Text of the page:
Welcome to the Rouge Wave, Brett! If we try to do one thing around here, it's to effing entertain you. Tell all your friends and stick around. I think you'll like it here. Cupcake for you!

Dave Shepherd said...

The vampire genre really needs to be reinvented, similar to what Ginger Snaps did for werewolves.

And anyone who hasn't seen the Ginger Snaps trilogy should really check them out.

Reminds me of a time when horror films were metaphors for something (Ginger Snaps being a metaphor for a teenage girl's sexuality and development)

James said...

Haha, this is a great one.

I am one of the few that actually likes dressing up for interviews and whatnot -- and I have found that producers, agents, and managers ALL frown upon this.

I really couldn't tell you why.

It seems my best meetings happen when I am wearing jeans and a T-shirt. Maybe a hoody sweatshirt if it's cold.

Basically, the stereotypical appearance that is widely accepted in Hollywood for a writer is just above that of a very hygienic bum.

It is almost as if, the worst dressed you are, the more seriously they take you.

Julie Gray said...

I have often counseled writers to show up at meetings with bedhead, a few tattoos and a serious hangover. It makes us look cool and unpredictable. Which is what they think we are. Except the cool part. ;)

E.C. Henry said...

Interesting points, Andy Sachs

Wish I lived in L.A., but I've got to play the cards I'm dealt.

Sounds like the writer you mentioned lacks fashion sence. Screenwriters are part of the entertainment industry, thus I believe it's in their best interst to be entertaing--and that includes how you dress. Suits no. Looking cool... o yeah!

- E.C. Henry from Bonney Lake, WA

Chris said...

writers do not wear suits to meetings.

the writers call execs at studios, prod cos, etc. "the suits" because THEY wear the suits.

the dress code is quite functional and is an easy visual representation of the hollywood caste system.

the further up you go, the better dresesd you have to be. actors and writers are below producers and studio execs, hence the requirement that we have to dress down.

if you are a writer and go to meeting in your sunday best, it shows that you either (1) don't know the code, i.e., amateur; or (2) are trying to aspire to a level that you are not at. so dress your class and be happy about it.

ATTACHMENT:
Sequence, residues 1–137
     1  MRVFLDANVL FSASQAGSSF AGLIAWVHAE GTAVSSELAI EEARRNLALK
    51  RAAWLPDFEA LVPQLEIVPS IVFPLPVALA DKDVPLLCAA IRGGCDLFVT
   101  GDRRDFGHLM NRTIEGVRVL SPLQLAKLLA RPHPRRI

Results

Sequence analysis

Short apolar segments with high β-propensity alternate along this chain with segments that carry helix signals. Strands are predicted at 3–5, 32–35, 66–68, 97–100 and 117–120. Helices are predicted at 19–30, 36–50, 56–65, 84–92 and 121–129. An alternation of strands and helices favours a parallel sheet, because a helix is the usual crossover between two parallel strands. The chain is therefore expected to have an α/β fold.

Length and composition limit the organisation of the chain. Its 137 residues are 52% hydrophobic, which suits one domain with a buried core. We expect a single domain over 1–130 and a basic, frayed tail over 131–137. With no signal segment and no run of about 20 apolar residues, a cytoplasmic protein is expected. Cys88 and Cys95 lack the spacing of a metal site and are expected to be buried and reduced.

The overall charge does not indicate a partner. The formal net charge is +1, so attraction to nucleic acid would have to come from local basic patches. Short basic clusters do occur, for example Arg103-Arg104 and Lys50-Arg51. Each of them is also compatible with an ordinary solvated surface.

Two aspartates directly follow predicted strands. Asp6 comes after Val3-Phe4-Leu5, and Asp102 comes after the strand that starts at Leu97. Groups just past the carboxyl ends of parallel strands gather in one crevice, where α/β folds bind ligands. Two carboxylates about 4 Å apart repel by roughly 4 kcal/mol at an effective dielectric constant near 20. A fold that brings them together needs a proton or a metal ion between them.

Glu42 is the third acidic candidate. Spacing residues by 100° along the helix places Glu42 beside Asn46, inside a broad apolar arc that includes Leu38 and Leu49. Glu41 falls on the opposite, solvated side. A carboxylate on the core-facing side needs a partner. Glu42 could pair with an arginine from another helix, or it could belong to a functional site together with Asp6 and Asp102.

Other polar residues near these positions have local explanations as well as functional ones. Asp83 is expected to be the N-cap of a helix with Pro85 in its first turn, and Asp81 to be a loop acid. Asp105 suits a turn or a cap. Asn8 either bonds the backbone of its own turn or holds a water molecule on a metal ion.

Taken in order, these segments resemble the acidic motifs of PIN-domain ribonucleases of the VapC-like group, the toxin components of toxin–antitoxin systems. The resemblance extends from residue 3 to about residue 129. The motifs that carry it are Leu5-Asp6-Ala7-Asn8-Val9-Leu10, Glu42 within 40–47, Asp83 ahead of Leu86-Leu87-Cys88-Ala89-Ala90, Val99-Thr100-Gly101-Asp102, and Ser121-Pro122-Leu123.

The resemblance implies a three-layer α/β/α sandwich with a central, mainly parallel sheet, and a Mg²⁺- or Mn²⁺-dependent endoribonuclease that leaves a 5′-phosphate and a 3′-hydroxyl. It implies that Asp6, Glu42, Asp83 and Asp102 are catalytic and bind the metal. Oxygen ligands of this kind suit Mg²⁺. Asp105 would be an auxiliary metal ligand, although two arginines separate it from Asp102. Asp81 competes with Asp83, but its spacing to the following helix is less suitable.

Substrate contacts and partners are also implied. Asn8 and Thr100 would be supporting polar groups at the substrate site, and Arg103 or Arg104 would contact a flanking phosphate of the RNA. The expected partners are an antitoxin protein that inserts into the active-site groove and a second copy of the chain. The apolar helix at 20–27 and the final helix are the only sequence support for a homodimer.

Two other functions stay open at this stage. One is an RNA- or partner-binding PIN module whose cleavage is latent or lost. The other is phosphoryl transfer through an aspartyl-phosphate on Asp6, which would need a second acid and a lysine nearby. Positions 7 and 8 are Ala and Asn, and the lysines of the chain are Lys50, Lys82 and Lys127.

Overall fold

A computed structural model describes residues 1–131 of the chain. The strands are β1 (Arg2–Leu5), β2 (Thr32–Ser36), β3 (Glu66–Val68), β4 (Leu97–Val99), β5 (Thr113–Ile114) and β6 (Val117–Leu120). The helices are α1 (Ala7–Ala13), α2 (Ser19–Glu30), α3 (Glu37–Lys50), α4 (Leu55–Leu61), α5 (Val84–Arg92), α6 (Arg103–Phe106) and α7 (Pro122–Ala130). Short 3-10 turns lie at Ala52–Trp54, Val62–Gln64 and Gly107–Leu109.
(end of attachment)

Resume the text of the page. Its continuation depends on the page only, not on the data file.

Anthony Peterson said...

I could never work this out. If someone else has a problem with me dressing above their expectations of me - then maybe their expectations were too low?

Or do I have to "pretend" that I enjoy wearing T-Shirts with coffee stains to get the sale?

Dave Shepherd said...

Really? Jeans and a t-shirt?

I thought that was too "bad". I seem to hear "nice pair of slacks and a polo shirt -- no tie of course"

But if we can do jeans and a t-shirt, that's flippin' awesome.

Kirkland said...


The facts are this: you wear what you wear. If you're comfortable in a casual suit and wear one most of the time, it's no big deal. As it happens, I generally wear tee shirts and jeans most of the time--when it's cooler out, I dress it up with a sports coat (it's all that time I spent working in NY and Europe) to meetings. One writer I know wears shorts and tee shirts and sandals, another writer always wears black, complete with black combat boots (even in summer), and another wears the modified preppy look: khakis and a white button down shirt. Whatever you're comfortable with, ya know?

Anybody who passes themselves off as an expert on what you should and should not wear to meetings, as a "uniform," is not to be trusted. In fact, "experts" period shouldn't be trusted, especially when it comes to what to wear. Let common sense dictate you wardrobe and you'll be okay.

Emily Blake said...

Whew. Ain't no way I'm wearing a suit to a meeting so this is good news.

Christian M. Howell said...

Crap. I can't go to an office without a tie. I don't actually wear suits but a sportscoat and non-jeans is my personality. I guess you have to be yourself and pray.